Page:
10 December 2011

05 December 2011

The 4th & Perhaps the Most Important Question to Ask an UTC before you Invest in Unit Trust

I previously suggested 3 basic, must-ask questions for a unit trust consultant whom engages you for investment products sale.

Before continuing to read further, you need to realize that any investment carries its own unique risk. If you are not at this stage yet, then you will always look for a guarantee before putting your money into any investment vehicle. It is true that FD returns are guaranteed*, but no one ever got successful in wealth accumulation by putting money in FD alone. Prudent investment decision is about minimizing the risk of monetary losses, not by avoiding the risk.

We always blame financial agents for their promises made on the investment returns which cannot be fulfilled. I am starting to think that agents are unintentionally and indirectly "coerced" into giving the misleading info in their sales pitch due to the the fact that people always want a guarantee in any investment. In other words, it could be our own's doing! Of course, given the fact that the agent whom you are dealing with is a competent UTC, not purely a sales guy focusing solely on meeting his sales quota.

29 November 2011

What You Are Actually Investing in a Fixed Income Fund.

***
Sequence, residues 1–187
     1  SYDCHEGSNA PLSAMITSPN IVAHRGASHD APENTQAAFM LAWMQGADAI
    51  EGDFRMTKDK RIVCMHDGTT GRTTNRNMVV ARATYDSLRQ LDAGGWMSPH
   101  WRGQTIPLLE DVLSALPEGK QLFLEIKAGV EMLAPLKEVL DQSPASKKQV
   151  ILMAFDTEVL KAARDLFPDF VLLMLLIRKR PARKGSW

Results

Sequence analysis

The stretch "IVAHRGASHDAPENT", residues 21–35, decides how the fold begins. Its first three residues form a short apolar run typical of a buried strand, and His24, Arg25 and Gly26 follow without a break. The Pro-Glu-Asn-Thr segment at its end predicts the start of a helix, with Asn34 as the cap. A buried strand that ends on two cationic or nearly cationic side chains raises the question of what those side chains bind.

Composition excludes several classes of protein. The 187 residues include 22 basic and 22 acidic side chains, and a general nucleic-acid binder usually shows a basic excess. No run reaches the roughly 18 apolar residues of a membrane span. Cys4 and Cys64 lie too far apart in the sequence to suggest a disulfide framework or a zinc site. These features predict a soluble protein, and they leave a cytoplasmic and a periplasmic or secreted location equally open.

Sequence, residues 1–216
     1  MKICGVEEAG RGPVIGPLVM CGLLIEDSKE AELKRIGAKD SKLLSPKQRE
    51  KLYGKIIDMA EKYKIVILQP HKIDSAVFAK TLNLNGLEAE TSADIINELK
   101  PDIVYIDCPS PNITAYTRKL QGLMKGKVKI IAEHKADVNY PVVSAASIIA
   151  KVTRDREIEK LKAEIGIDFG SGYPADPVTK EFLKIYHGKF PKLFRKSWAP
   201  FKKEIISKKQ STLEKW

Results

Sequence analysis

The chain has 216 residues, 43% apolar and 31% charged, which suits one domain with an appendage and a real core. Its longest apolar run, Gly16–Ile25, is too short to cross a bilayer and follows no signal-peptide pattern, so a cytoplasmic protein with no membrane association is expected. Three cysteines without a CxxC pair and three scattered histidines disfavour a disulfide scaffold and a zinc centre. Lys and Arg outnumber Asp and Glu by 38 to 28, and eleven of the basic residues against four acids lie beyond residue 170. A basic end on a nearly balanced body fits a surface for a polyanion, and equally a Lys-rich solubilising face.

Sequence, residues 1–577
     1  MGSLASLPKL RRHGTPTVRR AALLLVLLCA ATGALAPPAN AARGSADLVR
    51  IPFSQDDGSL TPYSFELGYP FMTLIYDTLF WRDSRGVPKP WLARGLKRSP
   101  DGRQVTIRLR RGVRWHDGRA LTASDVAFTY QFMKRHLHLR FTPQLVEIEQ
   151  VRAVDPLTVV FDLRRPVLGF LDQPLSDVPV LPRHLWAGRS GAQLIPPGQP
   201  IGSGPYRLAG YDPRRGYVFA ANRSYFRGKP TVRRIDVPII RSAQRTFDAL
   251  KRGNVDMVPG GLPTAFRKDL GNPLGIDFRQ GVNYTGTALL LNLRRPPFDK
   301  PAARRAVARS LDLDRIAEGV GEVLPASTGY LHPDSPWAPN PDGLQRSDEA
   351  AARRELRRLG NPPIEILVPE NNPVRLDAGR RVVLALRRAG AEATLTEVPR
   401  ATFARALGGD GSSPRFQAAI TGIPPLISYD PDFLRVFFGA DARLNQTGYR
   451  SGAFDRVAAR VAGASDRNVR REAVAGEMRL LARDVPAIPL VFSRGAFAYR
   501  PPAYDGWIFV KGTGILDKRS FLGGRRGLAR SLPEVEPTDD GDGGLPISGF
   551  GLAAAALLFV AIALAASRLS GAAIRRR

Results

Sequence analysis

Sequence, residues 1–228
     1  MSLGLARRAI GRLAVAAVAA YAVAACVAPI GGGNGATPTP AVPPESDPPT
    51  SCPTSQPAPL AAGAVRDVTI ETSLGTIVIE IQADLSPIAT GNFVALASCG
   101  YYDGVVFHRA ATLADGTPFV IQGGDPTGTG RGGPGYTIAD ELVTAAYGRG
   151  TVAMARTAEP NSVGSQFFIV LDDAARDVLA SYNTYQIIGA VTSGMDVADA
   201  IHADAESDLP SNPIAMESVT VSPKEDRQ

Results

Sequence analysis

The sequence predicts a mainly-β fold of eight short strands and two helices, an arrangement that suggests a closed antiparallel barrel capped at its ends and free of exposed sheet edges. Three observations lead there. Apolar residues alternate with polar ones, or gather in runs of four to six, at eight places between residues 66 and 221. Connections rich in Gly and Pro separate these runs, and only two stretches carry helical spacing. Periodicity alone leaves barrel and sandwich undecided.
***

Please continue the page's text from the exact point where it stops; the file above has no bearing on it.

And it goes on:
Fixed income fund is touted as the safest asset class in unit trust investment. However, is it as safe as fixed deposit?


Fixed income funds invest in government and corporate bonds. I previously wrote about bond and how bond prices affect you bond fund NAV as it fluctuates according to business cycle. This is systematic risk, which is inherent to the entire market. You cannot control this but the good thing is, it is somewhat predictable to certain extent. You just know that a recession is looming in the horizon by looking at the various economic indicators.

27 November 2011

LCF Answers Readers' Question

Question 1
In my previous post on calculating total insurance needs, a reader remarked that by liquidating all Mr Lim's assets, it essentially means there is neither a house nor liquid cash for his family to stay and use after his death.

This is correct. Therefore, if Mr Lim does not want the house to be sold and wants his wife to still have liquid cash in the bank upon his demise, he should omit both his house market value and cash from total assets computation.

Therefore, total assets available to settle his current liabilities is now equivalent to $ (890k - 500k - 10k) = $ 380k.

His insurance needs to cover for the shortfall is now equivalent to $ (1210k - 380k) = $ 830k.

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